So about 15 hours later, I was ready to own my own aircraft. I loved the Tomahawk, but of course had only ever flown in them, so I enquired as to what else was available for me. The more I looked into plane ownership, I realised that owning a GA aircraft for recreational flying was just silly. I had obtained my Class 2 (PPL) medical certificate, but oh what a hassle – dealing with an organisation that clearly isn’t interested in recreational aviation. My biggest worry was that even though I had passed my medical this time, what guarantees would I have that CAA wouldn’t dream up another way to stop me? They had tried it already, by claiming my steady beating heart was about to fail. That frightened hell out of me and it was after quite some time and visits to various specialists that I found out that CAA had tried to discourage me without even showing my application to their medical people. Not nice chappies there…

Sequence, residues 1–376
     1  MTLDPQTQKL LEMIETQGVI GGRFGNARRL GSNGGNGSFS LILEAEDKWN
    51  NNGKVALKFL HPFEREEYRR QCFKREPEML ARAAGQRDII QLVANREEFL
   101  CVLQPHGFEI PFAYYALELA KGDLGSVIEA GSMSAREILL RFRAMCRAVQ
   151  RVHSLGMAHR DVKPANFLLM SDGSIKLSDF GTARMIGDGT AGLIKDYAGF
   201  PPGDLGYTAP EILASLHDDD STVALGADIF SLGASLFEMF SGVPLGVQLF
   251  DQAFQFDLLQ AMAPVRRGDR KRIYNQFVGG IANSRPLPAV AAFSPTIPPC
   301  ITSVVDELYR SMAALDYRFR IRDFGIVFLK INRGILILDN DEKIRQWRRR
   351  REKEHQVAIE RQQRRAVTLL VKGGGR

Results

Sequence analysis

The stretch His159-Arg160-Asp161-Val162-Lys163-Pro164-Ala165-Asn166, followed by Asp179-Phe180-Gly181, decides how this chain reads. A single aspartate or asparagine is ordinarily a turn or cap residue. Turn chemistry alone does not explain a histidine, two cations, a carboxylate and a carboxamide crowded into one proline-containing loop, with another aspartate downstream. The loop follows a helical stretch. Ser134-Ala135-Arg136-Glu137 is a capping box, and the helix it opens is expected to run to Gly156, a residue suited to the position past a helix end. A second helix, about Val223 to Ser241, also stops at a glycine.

Tango Romeo Delta aloft

Tango Romeo Delta aloft

Having beaten them at their silly game, I started where everyone should, by talking to club members, and at the best place, the club bar. Like most, I thought microlights were hang gliders with motor mower engines, but soon learned that they were indeed very real aircraft, certainly capable of everything that a small GA would do, and most of them better. Even the GA pilots were enthusiastic about them.

I did have the opportunity to fly in some club members’ microlights but none seemed to push my buttons until our club instructor, Ken McKee, offered to take me for a ride in his Tecnam Echo. A high-wing, very forgiving aircraft, it just fitted what I wanted. Face it: taking on flying at 71 was daunting enough, without having a plane with a mind of its own.

So seven months after I had nervously taken my first trial flight, I had ordered a brand new microlight from Italy. A Tecnam P92 Echo Classic. Andrew said: “You’re crazy”, but I am sure he meant in a nice way. I hoped so anyway. My wife certainly agreed with him.